McKenna explains why he left United for Ipswich
Kieran McKenna has left Manchester United to take up the role of manager at Ipswich Town.
The 35-year-old is swapping Old Trafford for League 1, in what will be his first senior role as a manager.
Ralf Rangnick has already lost Michael Carrick from his coaching staff, and now McKenna and Martyn Pert have also gone.
McKenna has spoken to Ipswich’s official website about why he has decided to leave United at this stage of his career.
“I’d like to thank Mark Ashton and the owners for putting their faith in me and Martyn to take the Club forward. Leaving a club like Manchester United was obviously a difficult decision, but I strongly believe in the opportunity to build something here.
“It feels like the right time, project and Club to make my first step into first-team management. For now, the focus for the team has to be on a huge game on Saturday. After that, I cannot wait to meet everyone and get to work.”
Speaking to United’s website, he added: “It has been a great honour to work for Manchester United for the last five years. I’ll always be grateful to Jose Mourinho and Ole Gunnar Solskjaer. I would like to thank Ralf Rangnick, I have really enjoyed the short time I have worked with him and I really appreciate his understanding throughout this process.
“From the start of my coaching career, it has always been my ultimate ambition to move into football management and I now have a fantastic opportunity to do that at Ipswich Town, an amazing club with a fantastic history.”
Coaching change has come at a good time
Football works in unpredictable ways.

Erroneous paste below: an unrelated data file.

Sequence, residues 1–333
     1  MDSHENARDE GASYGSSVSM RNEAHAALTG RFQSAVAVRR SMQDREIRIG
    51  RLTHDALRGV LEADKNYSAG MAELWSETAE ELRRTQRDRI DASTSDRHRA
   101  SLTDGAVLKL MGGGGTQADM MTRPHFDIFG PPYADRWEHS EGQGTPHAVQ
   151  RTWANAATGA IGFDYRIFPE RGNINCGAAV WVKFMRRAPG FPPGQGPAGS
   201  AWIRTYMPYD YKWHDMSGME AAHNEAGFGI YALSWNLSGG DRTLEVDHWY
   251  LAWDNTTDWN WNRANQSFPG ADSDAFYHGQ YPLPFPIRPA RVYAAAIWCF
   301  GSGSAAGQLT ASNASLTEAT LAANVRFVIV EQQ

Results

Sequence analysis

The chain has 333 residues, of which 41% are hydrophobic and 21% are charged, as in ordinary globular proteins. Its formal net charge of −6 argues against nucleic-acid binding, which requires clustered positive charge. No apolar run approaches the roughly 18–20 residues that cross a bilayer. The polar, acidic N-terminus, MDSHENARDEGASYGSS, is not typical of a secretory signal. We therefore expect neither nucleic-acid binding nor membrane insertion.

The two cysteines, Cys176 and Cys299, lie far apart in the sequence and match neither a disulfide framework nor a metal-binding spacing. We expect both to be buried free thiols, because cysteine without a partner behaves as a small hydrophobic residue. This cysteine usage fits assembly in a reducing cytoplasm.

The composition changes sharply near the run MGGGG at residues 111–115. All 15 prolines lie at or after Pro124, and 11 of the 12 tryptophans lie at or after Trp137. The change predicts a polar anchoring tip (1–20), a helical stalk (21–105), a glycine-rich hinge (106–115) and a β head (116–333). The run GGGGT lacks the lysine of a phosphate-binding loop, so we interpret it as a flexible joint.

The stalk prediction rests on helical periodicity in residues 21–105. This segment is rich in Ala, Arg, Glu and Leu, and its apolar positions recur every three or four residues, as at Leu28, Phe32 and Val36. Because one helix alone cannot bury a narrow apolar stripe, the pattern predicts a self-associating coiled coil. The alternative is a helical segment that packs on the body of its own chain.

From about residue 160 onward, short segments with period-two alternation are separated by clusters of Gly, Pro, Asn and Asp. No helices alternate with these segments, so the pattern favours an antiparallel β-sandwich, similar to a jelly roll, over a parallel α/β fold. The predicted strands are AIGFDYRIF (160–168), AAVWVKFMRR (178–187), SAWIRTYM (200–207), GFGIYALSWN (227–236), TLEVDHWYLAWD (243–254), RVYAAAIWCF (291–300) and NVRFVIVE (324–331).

When Ole Gunnar Solskjaer was sacked, there was much discussion about the fact that his coaching staff, of course including McKenna, did not depart with him.
It was widely felt that changes on the coaching staff were needed if United were to improve on the Solskjaer era.
How could Rangnick implement his style of play with Solskjaer’s coaches? If they didn’t depart too, how much had really changed?
Despite United not taking the decision to clear out the coaching staff, that change and evolution has happened anyway.
Carrick of course decided to leave after his brief spell as caretaker manager, taking a break from the game for the first time since his retirement.
Now, McKenna has also departed to forge his own path and that means Rangnick can really surround himself with coaches who understand his philosophy and can deliver it.
The way the situation has worked is positive for all parties and when United can return to training, the benefits of Rangnick having his own staff closest to him should be clear for all to see in the weeks ahead.
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